If recent history is any guide, neighbors will try to use the city’s public approval process to block the construction of the 1,250-foot skyscraper that Jean Nouvel wants to build next to the Museum of Modern Art. That seven-month approval process began Monday, and eventually ends with a City Council vote on zoning for the architecturally acclaimed skyscraper.
But, according to documents filed with the Department of City Planning, the developer, Hines, is in more or less great shape regardless of what the City Council says: The firm has enough air rights to build a 1,089-foot tower on the West 53rd Street site.
On the other hand, Hines still needs the Council to change zoning to allow for an added 161 feet of height, loading docks and setbacks. Without those, the tower would likely lose its distinctive slant.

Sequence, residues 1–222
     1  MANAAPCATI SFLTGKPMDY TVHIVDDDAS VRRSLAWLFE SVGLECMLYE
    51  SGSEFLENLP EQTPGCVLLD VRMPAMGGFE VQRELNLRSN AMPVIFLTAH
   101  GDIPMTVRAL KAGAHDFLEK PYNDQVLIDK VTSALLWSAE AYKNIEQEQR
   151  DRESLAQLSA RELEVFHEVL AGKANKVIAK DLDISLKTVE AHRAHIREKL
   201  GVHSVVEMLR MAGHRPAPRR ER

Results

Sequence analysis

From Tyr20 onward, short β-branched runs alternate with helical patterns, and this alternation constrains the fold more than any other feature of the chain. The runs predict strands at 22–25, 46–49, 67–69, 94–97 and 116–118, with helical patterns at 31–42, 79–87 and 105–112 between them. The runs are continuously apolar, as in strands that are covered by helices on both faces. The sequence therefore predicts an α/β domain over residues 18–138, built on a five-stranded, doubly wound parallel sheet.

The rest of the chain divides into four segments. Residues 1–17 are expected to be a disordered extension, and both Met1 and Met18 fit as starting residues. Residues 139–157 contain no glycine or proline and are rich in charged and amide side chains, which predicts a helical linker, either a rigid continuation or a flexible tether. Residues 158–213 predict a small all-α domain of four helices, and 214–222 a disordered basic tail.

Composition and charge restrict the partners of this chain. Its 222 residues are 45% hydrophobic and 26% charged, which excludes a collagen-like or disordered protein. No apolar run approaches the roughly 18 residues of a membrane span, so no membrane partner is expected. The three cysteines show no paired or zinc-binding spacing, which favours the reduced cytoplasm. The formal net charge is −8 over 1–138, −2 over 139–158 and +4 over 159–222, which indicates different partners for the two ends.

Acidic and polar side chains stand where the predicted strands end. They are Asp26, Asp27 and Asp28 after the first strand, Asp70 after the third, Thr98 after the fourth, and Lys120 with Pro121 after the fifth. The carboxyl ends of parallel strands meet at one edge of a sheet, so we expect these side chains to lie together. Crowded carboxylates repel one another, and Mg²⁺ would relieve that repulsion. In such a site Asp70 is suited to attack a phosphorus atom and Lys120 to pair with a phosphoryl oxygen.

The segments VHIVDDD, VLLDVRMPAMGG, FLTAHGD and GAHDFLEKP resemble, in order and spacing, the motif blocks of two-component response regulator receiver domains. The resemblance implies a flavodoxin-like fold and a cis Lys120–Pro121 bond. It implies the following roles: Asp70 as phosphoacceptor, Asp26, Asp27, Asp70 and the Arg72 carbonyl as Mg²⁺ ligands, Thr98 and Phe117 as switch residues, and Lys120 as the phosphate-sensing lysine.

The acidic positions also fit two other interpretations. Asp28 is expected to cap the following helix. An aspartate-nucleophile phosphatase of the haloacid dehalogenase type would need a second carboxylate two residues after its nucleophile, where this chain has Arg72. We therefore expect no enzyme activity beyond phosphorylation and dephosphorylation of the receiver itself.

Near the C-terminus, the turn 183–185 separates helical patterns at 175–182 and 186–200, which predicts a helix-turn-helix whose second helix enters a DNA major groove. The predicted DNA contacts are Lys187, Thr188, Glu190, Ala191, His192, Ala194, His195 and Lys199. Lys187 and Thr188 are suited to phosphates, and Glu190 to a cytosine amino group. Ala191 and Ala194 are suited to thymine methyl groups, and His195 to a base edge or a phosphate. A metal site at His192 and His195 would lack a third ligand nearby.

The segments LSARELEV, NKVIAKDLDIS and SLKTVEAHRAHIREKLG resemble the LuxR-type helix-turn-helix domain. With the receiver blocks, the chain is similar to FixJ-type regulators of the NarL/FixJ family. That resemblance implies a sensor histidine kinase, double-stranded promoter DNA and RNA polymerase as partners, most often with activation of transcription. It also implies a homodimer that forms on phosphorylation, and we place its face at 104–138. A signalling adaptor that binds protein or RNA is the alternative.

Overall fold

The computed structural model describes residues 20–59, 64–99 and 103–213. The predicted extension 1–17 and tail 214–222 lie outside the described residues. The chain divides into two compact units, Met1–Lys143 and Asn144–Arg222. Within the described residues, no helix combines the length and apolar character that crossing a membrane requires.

While it’s unlikely Hines is ready to get a shovel in the ground tomorrow, the zoning changes would give the firm the ability to build the tower they want—a mixed-use tower with 786,562 square feet, 150 apartments, 100 hotel rooms, and 68,097 square feet for an addition to MoMA. The 1,089-foot tower would only have have 508,000 square feet.
The project as designed will require approval from the City Planning Commission and the City Council.
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